How genetics affects the brain to produce higher-level dysfunctions in myotonic dystrophy type 1

Laura Serra, Antonio Petrucci, Barbara Spanò, Mario Torso, Giusy Olivito, Ludovico Lispi, Sandro Costanzi-Porrini, Giovanni Giulietti, Giacomo Koch, Manlio Giacanelli, Carlo Caltagirone, Mara Cercignani, Marco Bozzali

Research output: Contribution to journalArticlepeer-review


Myotonic dystrophy type 1 (DM1) is a multisystemic disorder dominated by muscular impairment and brain dysfunctions. Although brain damage has previouslybeen demonstrated in DM1, its associations with the genetics and clinical/neuropsychological features of the disease are controversial. This study assessed the differential role of gray matter (GM) and white matter (WM) damage in determining higher-level dysfunctions in DM1. Ten patients with genetically confirmed DM1 and 16 healthy matched controls entered the study. The patients underwent a neuropsychological assessment and quantification of CTG triplet expansion. All the subjects underwent MR scanning at 3T, with studies including T1-weighted volumes and diffusion-weighted images. Voxel-based morphometry and tractbased spatial statistics were used for unbiased quantification of regional GM atrophy and WM integrity. The DM1 patients showed widespread involvement of both tissues. The extent of the damage correlated with CTG triplet expansion and cognition. This study supports the idea that genetic abnormalities in DM1mainly target the WM, but GM involvement is also crucial in determining the clinical characteristics of DM1.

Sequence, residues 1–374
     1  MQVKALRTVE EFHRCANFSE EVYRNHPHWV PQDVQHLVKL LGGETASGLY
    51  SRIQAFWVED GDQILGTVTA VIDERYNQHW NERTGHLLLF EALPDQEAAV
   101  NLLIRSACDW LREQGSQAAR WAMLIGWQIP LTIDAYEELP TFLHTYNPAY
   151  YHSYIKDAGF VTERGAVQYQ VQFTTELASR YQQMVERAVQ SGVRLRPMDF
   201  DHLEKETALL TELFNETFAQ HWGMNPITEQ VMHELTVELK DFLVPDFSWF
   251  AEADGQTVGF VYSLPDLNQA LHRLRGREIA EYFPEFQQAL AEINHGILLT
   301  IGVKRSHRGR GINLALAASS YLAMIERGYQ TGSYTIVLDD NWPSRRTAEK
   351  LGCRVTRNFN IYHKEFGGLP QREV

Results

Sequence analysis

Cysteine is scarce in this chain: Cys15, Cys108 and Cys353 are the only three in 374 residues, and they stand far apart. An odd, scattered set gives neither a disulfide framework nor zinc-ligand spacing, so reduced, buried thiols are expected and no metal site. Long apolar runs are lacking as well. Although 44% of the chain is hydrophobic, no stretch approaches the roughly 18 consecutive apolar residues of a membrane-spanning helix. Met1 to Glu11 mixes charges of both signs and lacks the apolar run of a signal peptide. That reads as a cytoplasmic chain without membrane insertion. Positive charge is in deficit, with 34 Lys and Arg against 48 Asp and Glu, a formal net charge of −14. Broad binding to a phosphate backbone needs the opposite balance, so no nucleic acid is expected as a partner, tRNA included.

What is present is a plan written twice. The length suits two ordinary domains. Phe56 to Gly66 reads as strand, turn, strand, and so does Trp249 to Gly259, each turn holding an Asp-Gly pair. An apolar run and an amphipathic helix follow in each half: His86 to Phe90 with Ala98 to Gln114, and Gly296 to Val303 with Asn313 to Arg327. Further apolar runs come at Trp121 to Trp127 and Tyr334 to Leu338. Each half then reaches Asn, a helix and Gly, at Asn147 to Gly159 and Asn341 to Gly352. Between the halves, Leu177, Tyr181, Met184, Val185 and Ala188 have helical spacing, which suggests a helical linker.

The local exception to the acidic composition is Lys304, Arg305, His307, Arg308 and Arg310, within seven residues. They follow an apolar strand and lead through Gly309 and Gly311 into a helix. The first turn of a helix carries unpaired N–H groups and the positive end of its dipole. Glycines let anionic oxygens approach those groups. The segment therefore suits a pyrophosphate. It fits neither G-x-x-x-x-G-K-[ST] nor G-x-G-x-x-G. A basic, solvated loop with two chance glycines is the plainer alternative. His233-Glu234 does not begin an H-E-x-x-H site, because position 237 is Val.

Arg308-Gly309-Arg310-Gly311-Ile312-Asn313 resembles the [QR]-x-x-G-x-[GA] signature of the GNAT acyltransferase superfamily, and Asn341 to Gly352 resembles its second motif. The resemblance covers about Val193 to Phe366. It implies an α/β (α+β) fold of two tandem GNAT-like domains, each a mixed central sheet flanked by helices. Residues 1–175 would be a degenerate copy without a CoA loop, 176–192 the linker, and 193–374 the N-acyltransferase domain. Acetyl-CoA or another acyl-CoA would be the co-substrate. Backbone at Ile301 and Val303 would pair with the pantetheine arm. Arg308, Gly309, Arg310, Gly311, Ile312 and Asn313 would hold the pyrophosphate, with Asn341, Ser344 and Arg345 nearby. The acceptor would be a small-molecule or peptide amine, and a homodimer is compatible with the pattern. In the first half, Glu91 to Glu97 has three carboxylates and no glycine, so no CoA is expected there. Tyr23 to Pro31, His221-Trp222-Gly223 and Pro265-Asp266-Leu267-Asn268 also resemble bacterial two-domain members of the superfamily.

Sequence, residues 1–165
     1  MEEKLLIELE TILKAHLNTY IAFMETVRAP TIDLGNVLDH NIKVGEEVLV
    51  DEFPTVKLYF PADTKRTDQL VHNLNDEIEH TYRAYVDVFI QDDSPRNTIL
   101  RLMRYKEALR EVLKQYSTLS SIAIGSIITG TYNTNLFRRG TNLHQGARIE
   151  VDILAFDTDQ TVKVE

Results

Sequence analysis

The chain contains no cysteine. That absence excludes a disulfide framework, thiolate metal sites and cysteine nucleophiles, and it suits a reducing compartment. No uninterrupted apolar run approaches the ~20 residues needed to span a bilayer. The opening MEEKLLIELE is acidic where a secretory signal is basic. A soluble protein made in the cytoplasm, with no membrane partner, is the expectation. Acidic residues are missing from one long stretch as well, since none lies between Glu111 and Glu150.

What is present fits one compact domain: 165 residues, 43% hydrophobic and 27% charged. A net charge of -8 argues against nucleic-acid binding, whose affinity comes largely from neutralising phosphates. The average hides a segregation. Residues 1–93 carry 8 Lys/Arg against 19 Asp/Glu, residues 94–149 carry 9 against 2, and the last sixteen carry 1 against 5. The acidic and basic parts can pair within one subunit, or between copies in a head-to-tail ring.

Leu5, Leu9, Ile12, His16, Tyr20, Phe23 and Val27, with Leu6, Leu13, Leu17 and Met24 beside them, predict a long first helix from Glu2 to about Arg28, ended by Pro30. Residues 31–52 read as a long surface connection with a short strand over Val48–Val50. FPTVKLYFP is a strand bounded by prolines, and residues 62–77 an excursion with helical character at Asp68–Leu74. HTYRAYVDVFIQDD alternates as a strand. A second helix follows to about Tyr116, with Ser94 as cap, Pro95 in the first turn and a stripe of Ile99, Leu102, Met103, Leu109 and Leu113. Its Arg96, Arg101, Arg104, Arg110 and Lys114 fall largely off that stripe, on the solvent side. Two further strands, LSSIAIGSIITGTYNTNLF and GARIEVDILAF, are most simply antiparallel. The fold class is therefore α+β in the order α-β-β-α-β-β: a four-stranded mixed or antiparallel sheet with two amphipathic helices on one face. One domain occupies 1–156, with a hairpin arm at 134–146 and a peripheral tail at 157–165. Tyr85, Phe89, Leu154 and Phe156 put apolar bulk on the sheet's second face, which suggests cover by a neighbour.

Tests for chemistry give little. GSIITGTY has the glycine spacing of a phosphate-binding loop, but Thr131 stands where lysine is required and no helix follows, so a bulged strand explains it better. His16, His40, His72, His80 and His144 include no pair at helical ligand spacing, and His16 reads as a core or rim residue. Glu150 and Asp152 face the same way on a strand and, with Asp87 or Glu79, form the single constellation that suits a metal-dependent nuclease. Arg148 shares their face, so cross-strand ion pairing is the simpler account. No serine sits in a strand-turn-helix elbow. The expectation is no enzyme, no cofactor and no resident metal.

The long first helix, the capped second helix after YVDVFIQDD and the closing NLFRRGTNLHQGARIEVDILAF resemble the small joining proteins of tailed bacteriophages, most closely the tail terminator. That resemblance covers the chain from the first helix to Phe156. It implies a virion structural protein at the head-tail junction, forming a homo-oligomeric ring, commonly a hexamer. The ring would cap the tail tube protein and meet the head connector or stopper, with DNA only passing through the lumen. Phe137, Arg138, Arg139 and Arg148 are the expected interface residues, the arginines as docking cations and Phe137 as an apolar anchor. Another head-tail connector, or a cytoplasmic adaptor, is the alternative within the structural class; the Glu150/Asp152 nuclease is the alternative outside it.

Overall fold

Original languageEnglish
Pages (from-to)21-31
Number of pages11
JournalFunctional Neurology
Issue number1
Publication statusPublished - Jul 30 2015


  • Cognition
  • Diffusion imaging
  • DM1
  • Genetics
  • VBM

ASJC Scopus subject areas

  • Clinical Neurology
  • Neuroscience(all)


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